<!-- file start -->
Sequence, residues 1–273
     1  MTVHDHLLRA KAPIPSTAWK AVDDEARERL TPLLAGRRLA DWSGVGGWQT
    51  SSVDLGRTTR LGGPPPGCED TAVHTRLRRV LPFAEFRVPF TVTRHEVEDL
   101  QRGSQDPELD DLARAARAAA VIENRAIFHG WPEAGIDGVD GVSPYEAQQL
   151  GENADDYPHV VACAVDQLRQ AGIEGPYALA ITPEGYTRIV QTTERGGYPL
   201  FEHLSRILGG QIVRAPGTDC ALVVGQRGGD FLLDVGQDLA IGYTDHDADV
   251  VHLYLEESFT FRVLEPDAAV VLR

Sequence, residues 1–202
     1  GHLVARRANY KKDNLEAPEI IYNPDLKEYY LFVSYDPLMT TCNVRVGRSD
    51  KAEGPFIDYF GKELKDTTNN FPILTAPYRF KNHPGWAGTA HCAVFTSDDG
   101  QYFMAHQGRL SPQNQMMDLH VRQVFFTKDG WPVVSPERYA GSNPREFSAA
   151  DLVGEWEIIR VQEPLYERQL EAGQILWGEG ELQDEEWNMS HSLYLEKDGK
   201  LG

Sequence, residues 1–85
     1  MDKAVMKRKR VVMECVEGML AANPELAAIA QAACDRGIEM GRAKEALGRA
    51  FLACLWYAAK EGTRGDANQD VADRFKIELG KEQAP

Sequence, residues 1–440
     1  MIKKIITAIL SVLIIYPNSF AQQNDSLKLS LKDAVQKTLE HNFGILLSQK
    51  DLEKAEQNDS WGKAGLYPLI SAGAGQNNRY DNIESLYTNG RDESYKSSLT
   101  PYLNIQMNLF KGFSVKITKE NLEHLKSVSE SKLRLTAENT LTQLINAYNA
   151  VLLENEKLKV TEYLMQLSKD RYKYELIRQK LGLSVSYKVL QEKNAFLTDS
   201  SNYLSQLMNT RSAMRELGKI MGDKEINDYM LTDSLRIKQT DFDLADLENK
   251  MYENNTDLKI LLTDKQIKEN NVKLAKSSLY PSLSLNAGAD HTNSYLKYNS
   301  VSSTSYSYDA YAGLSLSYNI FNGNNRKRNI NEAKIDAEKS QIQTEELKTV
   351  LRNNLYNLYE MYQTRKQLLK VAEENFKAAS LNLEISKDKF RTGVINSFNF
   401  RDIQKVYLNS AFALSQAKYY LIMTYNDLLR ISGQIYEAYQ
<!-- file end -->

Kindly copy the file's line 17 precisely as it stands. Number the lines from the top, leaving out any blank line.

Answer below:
Sequence, residues 1–440